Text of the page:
Lack of positive allosteric modulation of mutated α1S267I glycine receptors by cannabinoids
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Loss of inhibitory synaptic transmission within the dorsal horn of the spinal cord plays a key role in the development of chronic pain following inflammation or nerve injury. Inhibitory postsynaptic transmission in the adult spinal cord involves mainly glycine. Ajulemic acid and HU210 are non-psychotropic, synthetic cannabinoids. Cannabidiol is a non-psychotropic plant constituent of cannabis sativa. There are hints that non-cannabinoid receptor mechanisms of these cannabinoids might be mediated via glycine receptors. In this study, we investigated the impact of the amino acid residue serine at position 267 on the glycine-modulatory effects of ajulemic acid, cannabidiol and HU210. Mutated α1S267I glycine receptors transiently expressed in HEK293 cells were studied by utilising the whole-cell clamp technique. The mutation of the α1 subunit TM2 serine residue to isoleucine abolished the co-activation and the direct activation of the glycine receptor by the investigated cannabinoids. The nature of the TM2 (267) residue of the glycine α1 subunit is crucial for the glycine-modulatory effect of ajulemic acid, cannabidiol and HU210. An investigation of the impact of such mutations on the in vivo interaction of cannabinoids with glycine receptors should permit a better understanding of the molecular determinants of action of cannabinoids.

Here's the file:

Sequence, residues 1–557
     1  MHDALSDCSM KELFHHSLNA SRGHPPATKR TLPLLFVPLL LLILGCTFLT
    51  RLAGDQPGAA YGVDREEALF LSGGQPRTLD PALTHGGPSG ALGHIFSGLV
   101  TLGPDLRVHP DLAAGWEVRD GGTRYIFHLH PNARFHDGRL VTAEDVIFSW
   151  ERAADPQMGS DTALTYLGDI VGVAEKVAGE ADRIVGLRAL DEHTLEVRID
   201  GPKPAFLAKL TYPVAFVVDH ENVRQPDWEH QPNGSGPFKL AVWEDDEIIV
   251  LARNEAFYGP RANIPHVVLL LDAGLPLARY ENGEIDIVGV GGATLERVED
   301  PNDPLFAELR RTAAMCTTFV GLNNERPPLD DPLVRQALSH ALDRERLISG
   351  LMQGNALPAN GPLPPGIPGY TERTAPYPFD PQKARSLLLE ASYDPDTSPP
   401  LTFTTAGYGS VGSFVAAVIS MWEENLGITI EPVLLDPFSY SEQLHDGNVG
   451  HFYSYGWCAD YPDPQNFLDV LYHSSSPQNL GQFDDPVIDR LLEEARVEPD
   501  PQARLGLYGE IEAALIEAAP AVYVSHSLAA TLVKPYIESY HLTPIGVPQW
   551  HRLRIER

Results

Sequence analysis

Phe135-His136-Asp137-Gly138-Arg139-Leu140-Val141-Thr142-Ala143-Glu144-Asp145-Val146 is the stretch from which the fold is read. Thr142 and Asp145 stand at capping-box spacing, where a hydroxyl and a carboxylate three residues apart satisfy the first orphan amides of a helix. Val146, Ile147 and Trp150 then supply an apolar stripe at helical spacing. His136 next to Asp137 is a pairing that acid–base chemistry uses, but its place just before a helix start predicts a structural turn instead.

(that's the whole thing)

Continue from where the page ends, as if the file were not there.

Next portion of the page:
KeywordsGlycine receptor Mutation S267I Cannabinoids
We are grateful to Prof. Jeremy J. Lambert, Neuroscience Institute, University of Dundee, UK, for providing us with mutated α1 cDNA; J. Kilian and A. Niesel, Department of Neurology, Hannover, for technical support and Prof. Sumner Burstein, Department of Biochemistry and Molecular Pharmacology, University of Massachusetts Medical School, USA, for his kind supply of AJA.
Conflict of interest
The authors declare that they have no conflict of interest.
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